Originally published in Liberato.US in February 2017
Reposted with permission of the author
Keynesian economics has ruled the roost in American economic policy circles for decades, but there’s only one problem: it’s demonstrably wrong.
John Maynard Keynes, Director of the British Eugenics Society, theorized that recessions could be ended by deficit spending. Governments could raise aggregate demand by running deficits, this would ‘prime the pump,’ and the economy would grow again. If this were true, we would have had a rip-roaring economy ever since the 1970s when the federal government started to run large chronic deficits. We have been running deficits all that time (with minor exceptions around 2000)—even trillion-dollar deficits—but economic growth has been less than stellar throughout much of that period. In addition, big deficits didn’t work at all in Japan’s ‘Lost Decade, but CUTTING deficits did work in Thatcher’s England.
To these cases refuting Keynes, we can add the United States’ immediate post-World War II experience, Ireland (after the mid-1980s), New Zealand (the early 1990s), Sweden (1991), and even Canada (1990s), all instances when government shrank but the economy grew.
Another case: the deficit-fueled stimulus spending of 2008. If Keynes were correct, the $800 billion spent should have jolted us back to trendline growth but, as you can see from the next chart, that didn’t happen:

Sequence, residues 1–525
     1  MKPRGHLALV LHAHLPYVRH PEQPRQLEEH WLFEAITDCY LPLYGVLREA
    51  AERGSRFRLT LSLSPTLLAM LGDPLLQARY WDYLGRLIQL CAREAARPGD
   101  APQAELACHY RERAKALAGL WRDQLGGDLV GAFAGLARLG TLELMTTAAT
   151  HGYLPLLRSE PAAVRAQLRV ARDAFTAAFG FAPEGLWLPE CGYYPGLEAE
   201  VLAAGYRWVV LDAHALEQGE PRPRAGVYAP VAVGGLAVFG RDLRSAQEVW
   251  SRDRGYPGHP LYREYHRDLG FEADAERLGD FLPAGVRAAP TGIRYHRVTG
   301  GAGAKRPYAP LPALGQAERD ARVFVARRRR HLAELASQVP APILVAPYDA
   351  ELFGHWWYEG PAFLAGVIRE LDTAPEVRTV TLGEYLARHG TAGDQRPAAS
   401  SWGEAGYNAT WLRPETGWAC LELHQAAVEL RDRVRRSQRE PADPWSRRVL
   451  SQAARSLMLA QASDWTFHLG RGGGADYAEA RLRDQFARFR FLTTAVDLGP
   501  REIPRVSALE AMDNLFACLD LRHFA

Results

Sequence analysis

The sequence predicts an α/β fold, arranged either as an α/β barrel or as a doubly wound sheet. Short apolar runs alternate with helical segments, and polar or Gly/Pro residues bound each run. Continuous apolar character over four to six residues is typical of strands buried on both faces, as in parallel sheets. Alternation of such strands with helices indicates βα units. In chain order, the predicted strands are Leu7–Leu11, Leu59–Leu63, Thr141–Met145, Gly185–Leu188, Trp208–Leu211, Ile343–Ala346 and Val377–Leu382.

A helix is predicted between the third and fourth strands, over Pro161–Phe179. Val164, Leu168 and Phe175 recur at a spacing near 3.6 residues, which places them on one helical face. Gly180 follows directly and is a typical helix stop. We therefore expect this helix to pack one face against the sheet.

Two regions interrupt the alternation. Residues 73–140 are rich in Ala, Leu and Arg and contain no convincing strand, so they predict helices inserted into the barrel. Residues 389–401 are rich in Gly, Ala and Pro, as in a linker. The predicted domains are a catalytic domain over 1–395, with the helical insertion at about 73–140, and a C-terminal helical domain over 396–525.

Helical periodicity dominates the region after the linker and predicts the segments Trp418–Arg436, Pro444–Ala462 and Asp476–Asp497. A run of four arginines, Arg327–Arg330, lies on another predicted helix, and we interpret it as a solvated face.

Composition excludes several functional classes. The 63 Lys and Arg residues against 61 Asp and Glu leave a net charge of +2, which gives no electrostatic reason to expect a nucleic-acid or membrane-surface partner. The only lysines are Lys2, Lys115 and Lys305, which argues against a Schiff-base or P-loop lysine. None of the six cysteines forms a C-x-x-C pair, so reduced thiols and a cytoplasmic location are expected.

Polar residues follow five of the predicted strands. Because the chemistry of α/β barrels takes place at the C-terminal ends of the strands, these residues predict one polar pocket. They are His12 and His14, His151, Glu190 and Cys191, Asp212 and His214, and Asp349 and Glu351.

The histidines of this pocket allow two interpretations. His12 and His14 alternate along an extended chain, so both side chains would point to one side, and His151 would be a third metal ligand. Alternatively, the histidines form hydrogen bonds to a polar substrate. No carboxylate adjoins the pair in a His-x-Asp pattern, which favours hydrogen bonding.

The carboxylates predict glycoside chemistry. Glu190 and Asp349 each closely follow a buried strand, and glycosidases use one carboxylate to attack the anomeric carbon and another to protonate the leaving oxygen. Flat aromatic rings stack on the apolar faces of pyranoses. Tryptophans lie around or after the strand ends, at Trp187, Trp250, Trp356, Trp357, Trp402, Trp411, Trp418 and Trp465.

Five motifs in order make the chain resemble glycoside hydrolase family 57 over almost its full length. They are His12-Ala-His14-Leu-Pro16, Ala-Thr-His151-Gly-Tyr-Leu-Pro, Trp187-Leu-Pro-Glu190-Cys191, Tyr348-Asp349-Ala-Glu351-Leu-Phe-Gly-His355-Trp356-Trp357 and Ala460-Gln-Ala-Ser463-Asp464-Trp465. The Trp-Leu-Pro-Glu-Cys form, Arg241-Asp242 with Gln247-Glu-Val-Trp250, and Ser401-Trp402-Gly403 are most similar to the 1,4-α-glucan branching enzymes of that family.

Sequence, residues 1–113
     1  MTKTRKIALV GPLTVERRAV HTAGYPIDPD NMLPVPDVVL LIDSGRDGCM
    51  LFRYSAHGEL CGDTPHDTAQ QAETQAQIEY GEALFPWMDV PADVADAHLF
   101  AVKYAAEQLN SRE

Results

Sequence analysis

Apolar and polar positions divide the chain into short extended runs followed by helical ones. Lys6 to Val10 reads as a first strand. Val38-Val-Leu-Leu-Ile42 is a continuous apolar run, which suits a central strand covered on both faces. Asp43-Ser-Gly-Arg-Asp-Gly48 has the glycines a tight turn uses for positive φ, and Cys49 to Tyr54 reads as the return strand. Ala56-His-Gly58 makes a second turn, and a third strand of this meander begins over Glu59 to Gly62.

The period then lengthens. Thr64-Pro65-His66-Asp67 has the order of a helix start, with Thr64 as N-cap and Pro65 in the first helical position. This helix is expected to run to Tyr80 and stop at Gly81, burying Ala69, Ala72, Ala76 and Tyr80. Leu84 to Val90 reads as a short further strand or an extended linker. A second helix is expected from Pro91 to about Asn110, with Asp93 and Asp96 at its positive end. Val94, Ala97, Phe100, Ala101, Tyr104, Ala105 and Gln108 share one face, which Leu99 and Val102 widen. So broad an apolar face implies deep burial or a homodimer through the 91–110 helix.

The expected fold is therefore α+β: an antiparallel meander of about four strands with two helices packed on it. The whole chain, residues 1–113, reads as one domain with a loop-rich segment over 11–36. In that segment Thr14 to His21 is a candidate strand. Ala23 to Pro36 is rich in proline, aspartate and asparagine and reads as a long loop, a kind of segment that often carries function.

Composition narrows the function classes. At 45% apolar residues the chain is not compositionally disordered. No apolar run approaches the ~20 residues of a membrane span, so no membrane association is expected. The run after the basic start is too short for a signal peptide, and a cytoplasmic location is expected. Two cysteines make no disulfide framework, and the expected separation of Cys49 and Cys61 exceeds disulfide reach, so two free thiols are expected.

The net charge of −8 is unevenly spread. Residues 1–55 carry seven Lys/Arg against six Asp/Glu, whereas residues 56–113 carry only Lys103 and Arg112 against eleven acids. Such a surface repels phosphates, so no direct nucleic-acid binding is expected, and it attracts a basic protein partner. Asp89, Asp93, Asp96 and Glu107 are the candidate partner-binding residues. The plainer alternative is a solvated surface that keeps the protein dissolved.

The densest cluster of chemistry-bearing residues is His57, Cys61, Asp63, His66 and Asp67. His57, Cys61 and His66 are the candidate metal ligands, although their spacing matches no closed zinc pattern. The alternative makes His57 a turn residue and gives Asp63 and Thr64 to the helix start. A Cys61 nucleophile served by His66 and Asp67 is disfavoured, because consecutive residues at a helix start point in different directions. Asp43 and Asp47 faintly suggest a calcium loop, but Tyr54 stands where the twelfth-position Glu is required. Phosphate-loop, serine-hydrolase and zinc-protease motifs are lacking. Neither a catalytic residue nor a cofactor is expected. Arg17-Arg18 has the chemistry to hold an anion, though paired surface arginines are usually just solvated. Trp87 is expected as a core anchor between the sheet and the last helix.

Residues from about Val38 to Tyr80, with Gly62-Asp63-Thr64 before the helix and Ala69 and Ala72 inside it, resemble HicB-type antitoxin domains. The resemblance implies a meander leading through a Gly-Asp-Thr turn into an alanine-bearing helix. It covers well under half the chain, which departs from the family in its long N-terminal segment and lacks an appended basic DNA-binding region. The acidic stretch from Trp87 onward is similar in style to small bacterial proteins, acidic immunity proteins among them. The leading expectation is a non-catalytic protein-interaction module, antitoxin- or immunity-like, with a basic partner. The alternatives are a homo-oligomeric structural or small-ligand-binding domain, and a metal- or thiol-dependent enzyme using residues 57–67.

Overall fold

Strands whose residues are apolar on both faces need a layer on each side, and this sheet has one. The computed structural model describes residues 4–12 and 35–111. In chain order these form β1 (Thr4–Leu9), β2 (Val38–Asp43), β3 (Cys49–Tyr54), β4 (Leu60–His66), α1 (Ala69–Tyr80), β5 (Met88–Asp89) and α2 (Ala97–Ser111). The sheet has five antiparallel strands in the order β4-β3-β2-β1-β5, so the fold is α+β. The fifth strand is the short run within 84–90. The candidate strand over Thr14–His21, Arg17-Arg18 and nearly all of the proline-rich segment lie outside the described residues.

(red trendline added by a friend of The Truth)
Keynes said $1 of government spending produces about $1.7 in economic activity (the so-called ‘multiplier effect’). If Keynes were correct, the stimulus should have added millions of new jobs in 2009-2010, raising the U.S. back to full employment. No one can show this happened, or name the factories and industries where the jobs were created.
The nail in the Keynesian coffin: the United States grew by leaps and bounds in the 19th Century when low government spending and deficits were the norm. So Keynesian economics is completely demolished by the historical record, if one cares to stick to the facts and not some weird beliefs about creating a super-race, er, super-economies.
Think about it: How does deficit spending raise ‘aggregate demand’? If government spends $1, did aggregate demand go up $1? No. The dollar was taxed or borrowed from someone else who was then unable to spend it themselves. The whole thing is a wash and, therefore, Keynesian economics is a wash-out as a matter of theory.
And as a matter of empiricism. The empirically-based Rahn Curve completely destroys Keynesian economics. The Rahn curve shows that government spending is a DRAG on the economy, not a multiplier, after government spending exceeds 15-25 percent of amount of GDP. Government spending in the U.S. is currently around 40 percent of GDP. There is no Keynesian multiplier effect when big bloated government sits on top of everybody, smothering economic dynamism. Keynesian economics holds that higher government spending produces higher economic growth, but the Rahn Curve shows just the opposite when government gets too big:
There comes a point at which the growth of government does not multiply economic activity but, rather, stifles it. And we’re there. Keynesian economics is incorrect; the Rahn Curve is right.